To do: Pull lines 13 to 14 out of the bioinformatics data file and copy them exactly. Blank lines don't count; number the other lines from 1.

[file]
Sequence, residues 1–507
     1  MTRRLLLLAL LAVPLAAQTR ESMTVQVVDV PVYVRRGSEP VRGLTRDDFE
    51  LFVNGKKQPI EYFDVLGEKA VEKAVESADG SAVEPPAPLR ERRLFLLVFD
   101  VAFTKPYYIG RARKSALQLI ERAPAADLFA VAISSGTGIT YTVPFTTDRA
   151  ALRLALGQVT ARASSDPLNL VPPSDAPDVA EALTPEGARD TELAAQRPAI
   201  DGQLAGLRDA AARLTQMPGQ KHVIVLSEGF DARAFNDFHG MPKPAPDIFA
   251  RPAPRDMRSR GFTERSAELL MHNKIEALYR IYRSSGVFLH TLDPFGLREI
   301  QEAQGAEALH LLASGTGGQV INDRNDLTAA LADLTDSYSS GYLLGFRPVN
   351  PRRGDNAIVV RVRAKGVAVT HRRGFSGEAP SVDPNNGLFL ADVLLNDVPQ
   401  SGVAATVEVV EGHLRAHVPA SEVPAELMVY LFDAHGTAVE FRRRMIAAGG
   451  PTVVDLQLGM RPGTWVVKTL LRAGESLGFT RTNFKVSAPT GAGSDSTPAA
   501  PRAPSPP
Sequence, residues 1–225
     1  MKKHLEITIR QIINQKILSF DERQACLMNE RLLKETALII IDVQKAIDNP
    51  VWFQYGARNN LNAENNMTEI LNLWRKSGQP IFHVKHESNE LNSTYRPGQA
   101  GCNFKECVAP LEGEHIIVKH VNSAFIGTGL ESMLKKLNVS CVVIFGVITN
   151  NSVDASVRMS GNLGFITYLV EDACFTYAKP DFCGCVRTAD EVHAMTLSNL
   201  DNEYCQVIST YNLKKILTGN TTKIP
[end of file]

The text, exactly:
Sequence, residues 1–225
     1  MKKHLEITIR QIINQKILSF DERQACLMNE RLLKETALII IDVQKAIDNP